DURHAM, N.C. (WTVD) -- ABC11 met Liz McEntee on a chilly, rainy Sunday. but her commitment to help others through Be The Match provided warmth and inspiration to the entire crew.
She is a 24 year old nursing student in the final semester at Watts School of Nursing in Durham; she's simultaneously working as a nursing assistant. When she was 17 she wanted to join the Be the Match registry after learning about her next door neighbor's cancer battle.
"I had a neighbor who had leukemia, and he was searching for a donor," she said. "He needed a stem cell transplant. He was very sick and was struggling to find one."
That neighbor, retired judge Carl Fox, benefitted from a 2015 bone marrow transplant donor drive that helped him find not one, but two matches that restored his health. Too young to donate to his drive, when McEntee turned 21 she ordered a swab testing kit in the mail.
A few years later and much to her surprise, she got a call from Be The Match.
"I received a call from a Minnesota number, and I know nobody in Minnesota. So, I thought it was spam, and I ignored it," she said.
She was still skeptical when, about a minute later, a text message appeared on her phone that said: "Hi Liz! This is Abby with Be The Match, the national bone marrow registry. You have matched to a patient. Please call me back ASAP."
"In fact my first thought, and I laugh at this now was, 'They're going to ask me to put down a deposit and I'm never going to hear from these people again.'" she said. "That's how unlikely this seemed!"
Finally, after reading a confirmation email from Be The Match and speaking with a representative, she prepared for her donation day.
"It took us all a day or two to come to terms with the fact it was really happening. We were trying to gather as much information as possible. My mom immediately agreed to travel with me to donate," she said. "Once we knew it was happening, we were all so excited. It was never a question of if I was going to donate. It was always yes."
Liz was not nervous about the donation process. She had been working with patients, administering needles, drawing blood and seeing procedures during her time spent at nursing school. The first person she remembers telling outside her family was her lead professor, via email. They were extremely supportive and offered to let her miss class if needed. Her employer at the time was also willing to push back her start date to make the donation possible.
She learned later that her recipient match was about the same age as her grandparents, another factor in her decision to donate.
"If one of my grandparents had leukemia, I would be begging everybody I knew to join the registry. And if I can give somebody the opportunity to grow up with all of the grandparents or one more, then I'm going to do that," said McEntee.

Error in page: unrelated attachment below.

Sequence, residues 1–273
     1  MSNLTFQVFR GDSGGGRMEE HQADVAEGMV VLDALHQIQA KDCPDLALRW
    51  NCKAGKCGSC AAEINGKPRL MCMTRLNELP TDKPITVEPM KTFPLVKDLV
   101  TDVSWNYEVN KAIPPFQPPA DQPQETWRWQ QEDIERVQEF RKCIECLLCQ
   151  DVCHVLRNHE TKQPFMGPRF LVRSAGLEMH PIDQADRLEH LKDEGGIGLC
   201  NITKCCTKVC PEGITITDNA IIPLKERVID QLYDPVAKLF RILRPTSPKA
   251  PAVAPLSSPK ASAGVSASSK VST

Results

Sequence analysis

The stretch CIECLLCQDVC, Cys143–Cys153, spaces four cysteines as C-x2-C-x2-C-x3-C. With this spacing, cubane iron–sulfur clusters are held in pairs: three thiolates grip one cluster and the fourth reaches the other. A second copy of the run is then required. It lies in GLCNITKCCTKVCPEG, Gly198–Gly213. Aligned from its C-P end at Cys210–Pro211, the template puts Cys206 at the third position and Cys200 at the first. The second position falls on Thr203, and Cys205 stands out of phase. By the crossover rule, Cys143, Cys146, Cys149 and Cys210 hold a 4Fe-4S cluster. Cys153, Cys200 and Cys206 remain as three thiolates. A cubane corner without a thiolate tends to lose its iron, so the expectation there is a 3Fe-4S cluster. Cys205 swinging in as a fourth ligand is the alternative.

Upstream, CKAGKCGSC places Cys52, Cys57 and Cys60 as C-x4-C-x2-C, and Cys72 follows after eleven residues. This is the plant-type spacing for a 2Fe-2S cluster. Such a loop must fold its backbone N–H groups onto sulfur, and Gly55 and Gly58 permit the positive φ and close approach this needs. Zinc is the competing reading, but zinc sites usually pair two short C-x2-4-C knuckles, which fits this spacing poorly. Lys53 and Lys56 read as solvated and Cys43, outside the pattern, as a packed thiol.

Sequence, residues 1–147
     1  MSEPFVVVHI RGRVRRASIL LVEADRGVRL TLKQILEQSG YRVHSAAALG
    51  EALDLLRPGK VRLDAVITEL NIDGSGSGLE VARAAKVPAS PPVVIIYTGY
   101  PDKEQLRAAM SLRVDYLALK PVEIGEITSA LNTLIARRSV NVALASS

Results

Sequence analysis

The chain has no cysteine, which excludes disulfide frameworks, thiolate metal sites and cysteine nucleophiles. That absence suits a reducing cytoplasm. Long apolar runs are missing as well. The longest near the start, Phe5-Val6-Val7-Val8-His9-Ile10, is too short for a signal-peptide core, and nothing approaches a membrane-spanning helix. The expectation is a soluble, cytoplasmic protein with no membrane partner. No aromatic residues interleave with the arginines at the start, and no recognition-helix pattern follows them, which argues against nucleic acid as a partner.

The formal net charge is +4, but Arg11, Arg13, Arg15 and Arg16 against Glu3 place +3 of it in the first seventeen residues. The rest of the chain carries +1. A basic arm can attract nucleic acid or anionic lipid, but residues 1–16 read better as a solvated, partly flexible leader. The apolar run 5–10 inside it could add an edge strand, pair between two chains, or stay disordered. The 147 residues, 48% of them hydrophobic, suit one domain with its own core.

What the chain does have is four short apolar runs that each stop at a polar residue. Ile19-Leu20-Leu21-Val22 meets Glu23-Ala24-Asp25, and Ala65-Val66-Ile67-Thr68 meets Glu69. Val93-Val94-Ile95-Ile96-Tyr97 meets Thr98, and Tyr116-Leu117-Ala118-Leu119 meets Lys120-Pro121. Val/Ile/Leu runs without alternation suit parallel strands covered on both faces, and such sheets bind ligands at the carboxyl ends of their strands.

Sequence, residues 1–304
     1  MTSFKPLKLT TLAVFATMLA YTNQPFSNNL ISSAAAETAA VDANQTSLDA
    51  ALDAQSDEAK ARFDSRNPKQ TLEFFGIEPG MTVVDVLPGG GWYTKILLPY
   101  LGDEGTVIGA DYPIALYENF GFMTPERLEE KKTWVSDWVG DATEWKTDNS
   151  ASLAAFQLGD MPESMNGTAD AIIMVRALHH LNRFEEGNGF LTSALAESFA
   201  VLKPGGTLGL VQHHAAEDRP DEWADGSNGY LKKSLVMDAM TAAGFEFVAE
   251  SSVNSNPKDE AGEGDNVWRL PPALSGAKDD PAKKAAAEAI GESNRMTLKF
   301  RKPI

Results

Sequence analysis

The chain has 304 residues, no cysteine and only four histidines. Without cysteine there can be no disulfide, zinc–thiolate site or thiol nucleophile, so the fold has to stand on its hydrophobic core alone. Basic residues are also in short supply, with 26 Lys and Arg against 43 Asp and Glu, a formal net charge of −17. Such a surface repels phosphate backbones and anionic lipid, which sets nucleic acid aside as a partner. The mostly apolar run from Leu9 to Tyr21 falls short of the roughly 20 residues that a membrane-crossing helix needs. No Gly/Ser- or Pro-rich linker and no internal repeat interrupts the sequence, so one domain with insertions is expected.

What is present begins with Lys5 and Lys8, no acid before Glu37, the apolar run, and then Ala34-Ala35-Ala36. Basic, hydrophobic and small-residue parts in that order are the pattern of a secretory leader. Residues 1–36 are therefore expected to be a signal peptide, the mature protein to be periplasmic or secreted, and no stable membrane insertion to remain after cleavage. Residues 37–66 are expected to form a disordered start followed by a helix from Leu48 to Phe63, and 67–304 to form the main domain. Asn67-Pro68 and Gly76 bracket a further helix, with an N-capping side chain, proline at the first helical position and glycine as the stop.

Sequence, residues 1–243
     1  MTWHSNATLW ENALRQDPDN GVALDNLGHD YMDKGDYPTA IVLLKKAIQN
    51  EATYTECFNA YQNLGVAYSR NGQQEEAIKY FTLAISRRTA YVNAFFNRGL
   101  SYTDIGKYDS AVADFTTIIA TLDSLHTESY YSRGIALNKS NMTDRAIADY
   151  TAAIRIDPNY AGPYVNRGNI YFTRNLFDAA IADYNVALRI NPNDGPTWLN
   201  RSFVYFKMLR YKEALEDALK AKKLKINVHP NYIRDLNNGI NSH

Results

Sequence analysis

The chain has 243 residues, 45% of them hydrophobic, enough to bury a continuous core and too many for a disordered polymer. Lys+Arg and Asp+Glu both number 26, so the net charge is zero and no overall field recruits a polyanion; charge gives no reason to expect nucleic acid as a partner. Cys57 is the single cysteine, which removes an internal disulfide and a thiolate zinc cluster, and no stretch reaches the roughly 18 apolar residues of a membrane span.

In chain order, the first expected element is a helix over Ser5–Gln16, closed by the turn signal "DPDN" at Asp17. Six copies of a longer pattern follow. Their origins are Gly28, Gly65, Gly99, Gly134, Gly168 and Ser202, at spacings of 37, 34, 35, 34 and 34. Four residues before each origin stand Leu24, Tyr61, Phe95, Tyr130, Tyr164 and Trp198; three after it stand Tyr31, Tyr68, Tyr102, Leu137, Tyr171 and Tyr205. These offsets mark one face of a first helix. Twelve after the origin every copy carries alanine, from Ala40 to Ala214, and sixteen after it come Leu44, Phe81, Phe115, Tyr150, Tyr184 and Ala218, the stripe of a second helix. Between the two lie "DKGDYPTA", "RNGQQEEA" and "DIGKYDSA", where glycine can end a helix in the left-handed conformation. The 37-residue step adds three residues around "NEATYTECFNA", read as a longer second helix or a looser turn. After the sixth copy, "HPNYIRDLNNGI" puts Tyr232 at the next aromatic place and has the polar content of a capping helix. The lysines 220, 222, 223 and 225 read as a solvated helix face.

Liz's mom went with her to a hospital in Washington DC on donation day, where she said the process went smoothly.
"Physically, I was a little bit sore," for the first 38 hours, she said. "I would say on a scale of zero to 10, the worst pain I had was about a 2 or a 3. It really was not bad."
She was back in class 24 hours post-transplant. As she recovered she said she felt completely fine and had no problems or complications. But she had questions.
"I had no way of knowing if the recipient was alive in the time since I donated. That was the hardest part was not knowing if the transplant worked and if she was OK," she said.
Then the recipient sent an online message to McEntee.
"I was at work, finishing up my workday and I checked my email. And it just said, 'Be the Match letter, from.' And I immediately realized that it was from my recipient. And that was the first, kind of sign of life that I had from her." said McEntee. "Her email said 'thank you for donating and giving me a second chance. My husband and kids are also so grateful.' She is progressing well. And she's a wife and a mom and got to spend the holidays with her family. It was kind of embarrassing; I was in the middle of a bunch of coworkers, and I just started crying! I was so excited and relieved to know that she's doing OK."
Since that day, McEntee responded online.
"It was the biggest relief getting her letter. I heard from her 7 weeks after donating PBSC. It was the best update I could have asked for. It was tough not knowing. I thanked her for writing to me. I had already been formulating an email to her but didn't know what to say."
She hopes to meet her recipient someday. Right now, she's encouraging others to become donors, especially those who. like her, are part of the younger, more diverse pool of donors Be The Match seeks. There's currently a shortage of donors who are not white as more members of minority communities battle cancer.
McEntee said registering will change your life as well as the person who benefits from your gift of life.
"When you hear from your recipient and you recognize the impact that you have, it's a relief and you will never look back. You'll never, ever regret it at all," she said. "My mom told me getting selected to donate was like finding a needle in a haystack, and we need more needles."
You can learn more about Be The Match and sign up here.